by T. Hodler
Thursday, September 30, 2010
Let’s see if we can put that theory to rest.
But first, a quotation:
In the course of the last fifty years the painters who freed themselves from the necessity of representation discovered wholly new fields of form-construction and expression (including new forms of imaginative representation) which entailed a new attitude to art itself. The artist came to believe that what was essential in art—given the diversity of themes or motifs—were two universal requirements: that every work of art has an individual order or coherence, a quality of unity and necessity in its structure regardless of the the kind of forms used; and, second, that the forms and colors chosen have a decided expressive physiognomy, that they speak to us as a feeling-charged whole, through the intrinsic power of colors and lines, rather than through the imaging of facial expressions, gestures and bodily movements, although these are not necessarily excluded—for they are also forms.
That view made possible the appreciation of many kinds of old art, and of the arts of distant peoples—primitive, historic, colonial, Asiatic and African, as well as European—arts which had not been accessible in spirit because it was thought that true art had to show a degree of conformity to nature and a mastery of representation which had developed for the most part in the West. The change in art dethroned not only representation as a necessary requirement but also a particular standard of decorum or restraint in expression which had excluded certain domains and intensities of feeling. The notion of the humanity of art was immensely widened. Many kinds of drawing, painting, sculpture and architecture, formerly ignored or judged inartistic, were seen as existing on the same plane of human creativeness and expression as “civilized” Western art. That would not have happened, I believe, without the revolution in modern painting. [Italics mine.]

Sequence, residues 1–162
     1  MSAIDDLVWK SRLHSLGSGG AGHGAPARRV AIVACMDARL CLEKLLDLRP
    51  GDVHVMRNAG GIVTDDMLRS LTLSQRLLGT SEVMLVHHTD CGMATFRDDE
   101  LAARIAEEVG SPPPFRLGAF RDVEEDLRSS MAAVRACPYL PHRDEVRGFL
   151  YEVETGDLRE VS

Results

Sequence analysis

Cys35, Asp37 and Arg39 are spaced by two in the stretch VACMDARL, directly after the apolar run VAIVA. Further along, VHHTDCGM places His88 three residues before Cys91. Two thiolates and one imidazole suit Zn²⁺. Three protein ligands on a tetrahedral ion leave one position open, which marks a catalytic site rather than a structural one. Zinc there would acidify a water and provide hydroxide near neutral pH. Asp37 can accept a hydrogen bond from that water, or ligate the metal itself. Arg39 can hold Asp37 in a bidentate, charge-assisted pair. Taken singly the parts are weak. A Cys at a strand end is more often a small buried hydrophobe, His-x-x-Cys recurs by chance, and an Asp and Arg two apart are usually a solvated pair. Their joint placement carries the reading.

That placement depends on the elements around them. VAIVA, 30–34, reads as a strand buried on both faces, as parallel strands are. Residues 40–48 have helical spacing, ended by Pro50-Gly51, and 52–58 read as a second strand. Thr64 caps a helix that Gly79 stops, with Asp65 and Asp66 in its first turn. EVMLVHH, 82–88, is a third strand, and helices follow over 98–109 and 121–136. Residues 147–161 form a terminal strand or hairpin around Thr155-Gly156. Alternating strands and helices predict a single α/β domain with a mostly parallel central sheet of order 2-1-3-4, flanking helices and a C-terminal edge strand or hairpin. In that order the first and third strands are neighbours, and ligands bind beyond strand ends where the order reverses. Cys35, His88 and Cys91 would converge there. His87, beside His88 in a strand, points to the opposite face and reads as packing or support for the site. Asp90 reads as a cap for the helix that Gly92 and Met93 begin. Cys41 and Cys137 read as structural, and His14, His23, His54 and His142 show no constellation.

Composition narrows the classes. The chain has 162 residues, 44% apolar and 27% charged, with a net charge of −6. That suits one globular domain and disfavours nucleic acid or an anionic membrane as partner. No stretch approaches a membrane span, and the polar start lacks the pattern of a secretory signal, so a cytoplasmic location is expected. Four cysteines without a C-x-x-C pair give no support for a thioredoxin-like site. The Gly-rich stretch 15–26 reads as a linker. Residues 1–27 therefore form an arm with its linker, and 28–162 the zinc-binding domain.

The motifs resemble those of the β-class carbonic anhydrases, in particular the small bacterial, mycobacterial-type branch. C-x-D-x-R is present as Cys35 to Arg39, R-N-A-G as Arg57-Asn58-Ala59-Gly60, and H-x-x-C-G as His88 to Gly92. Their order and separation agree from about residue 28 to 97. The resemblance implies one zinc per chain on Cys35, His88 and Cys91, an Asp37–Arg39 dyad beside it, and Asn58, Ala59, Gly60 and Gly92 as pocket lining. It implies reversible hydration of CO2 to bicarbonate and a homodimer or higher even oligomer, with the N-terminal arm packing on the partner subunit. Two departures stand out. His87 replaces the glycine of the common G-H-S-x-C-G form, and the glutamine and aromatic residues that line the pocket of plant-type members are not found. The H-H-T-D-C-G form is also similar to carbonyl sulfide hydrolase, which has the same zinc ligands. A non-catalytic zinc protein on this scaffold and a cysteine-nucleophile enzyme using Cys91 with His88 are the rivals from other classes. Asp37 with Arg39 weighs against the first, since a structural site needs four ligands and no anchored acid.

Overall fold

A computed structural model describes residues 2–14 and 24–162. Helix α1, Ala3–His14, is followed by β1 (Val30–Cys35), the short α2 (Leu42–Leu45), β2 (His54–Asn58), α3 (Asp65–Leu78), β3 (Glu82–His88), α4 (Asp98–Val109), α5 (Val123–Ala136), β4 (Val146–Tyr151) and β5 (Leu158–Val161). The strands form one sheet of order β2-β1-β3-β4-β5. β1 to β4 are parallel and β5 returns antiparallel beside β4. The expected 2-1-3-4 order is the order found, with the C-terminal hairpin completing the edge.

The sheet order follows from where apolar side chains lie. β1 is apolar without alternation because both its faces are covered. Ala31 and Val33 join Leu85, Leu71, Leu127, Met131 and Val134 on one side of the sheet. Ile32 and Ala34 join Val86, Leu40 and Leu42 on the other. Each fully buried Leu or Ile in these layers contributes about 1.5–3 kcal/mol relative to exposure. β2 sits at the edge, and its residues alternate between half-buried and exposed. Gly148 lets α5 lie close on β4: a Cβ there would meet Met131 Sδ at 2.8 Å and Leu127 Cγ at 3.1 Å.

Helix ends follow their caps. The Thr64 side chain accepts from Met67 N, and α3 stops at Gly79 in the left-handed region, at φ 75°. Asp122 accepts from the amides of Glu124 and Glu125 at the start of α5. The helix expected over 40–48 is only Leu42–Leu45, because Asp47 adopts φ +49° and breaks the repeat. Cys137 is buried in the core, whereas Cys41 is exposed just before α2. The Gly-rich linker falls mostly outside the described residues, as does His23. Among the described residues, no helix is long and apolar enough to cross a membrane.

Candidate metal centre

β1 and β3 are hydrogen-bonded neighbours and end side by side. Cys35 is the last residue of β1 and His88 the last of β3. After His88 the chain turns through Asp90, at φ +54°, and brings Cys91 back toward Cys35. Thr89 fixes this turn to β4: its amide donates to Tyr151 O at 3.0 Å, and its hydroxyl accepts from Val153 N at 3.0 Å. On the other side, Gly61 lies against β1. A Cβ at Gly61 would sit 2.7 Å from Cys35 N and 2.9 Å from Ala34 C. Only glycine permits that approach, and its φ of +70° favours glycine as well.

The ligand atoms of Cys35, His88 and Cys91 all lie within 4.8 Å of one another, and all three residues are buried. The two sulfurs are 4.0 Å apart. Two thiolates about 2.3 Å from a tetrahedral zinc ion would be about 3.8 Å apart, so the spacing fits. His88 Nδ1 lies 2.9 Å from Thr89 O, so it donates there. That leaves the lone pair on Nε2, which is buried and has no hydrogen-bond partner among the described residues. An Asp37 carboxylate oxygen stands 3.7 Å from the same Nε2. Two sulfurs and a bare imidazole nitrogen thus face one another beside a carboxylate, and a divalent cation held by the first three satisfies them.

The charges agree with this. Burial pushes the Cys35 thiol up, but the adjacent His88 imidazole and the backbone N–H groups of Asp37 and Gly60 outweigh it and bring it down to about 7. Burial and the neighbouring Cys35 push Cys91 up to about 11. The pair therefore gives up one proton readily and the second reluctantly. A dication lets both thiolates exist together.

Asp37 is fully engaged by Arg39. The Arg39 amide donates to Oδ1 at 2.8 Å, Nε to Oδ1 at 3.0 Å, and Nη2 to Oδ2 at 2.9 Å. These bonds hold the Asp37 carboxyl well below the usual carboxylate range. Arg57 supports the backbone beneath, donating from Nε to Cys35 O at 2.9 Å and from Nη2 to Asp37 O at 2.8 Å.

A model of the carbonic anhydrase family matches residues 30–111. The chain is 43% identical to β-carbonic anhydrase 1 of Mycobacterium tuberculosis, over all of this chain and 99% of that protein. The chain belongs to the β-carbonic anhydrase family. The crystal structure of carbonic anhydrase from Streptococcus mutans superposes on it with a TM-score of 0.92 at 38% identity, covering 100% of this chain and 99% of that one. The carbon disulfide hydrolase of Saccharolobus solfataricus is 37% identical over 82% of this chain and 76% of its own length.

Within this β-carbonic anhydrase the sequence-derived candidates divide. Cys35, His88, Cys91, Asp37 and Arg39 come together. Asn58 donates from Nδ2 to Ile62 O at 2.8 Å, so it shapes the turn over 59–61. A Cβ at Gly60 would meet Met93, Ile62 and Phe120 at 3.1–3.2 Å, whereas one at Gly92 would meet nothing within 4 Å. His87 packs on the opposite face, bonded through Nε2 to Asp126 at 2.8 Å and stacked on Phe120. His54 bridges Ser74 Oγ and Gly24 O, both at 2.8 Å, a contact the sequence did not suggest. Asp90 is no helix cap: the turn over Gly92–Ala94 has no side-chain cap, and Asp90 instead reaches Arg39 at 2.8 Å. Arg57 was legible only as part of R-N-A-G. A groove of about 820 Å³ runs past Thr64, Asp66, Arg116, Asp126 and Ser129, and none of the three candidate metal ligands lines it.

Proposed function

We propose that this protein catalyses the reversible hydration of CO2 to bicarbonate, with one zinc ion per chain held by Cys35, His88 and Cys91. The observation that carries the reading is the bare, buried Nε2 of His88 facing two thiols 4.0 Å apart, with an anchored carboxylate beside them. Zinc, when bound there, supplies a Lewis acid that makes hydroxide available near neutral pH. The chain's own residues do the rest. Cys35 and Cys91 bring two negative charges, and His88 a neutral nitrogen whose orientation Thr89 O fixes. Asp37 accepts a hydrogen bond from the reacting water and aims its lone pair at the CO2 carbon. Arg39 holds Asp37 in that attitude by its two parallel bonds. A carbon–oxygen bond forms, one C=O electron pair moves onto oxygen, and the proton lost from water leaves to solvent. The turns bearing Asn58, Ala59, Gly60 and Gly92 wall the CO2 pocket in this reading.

That can be found in Meyer Schapiro’s 1957 essay, “Recent Abstract Painting”, collected in his Modern Art: 19th and 20th Centuries.
It’s a common tactic of comics apologists to refer to comic strips as inherently “modernist,” but while that’s usually good for provoking solemn nods of satisfied agreement from fellow travelers, I’ve never really understood just what is meant by the claim. It strikes me that Schapiro may here point to a possible answer (or at least the kernel of one), and that, say, Picasso’s fondness for Rudolph Dirks’s Katzenjammer Kids might spring from the same source that led to his appreciation of African sculpture. (more…)
WARNING. Normally I wouldn’t put in a spoiler warning for a few blog notes, but this is a special case. I’m going to be talking about Love and Rockets: New Stories #3, which contains what is arguably one of the best comics stories ever, Jaime Hernandez’s “Browntown” (along with the stories “The Love Bunglers Part One” and “The Love Bunglers Part Two” which are essential accompaniments to the main tale). These stories are built around a series of unfolding surprises. The best way, really the only way, to appreciate them is to read them. It’s essential that any commentary be read after encountering the stories. So please go out there and read Jaime’s stories in this volume (and also Gilbert’s two stories) and then come back and read these notes.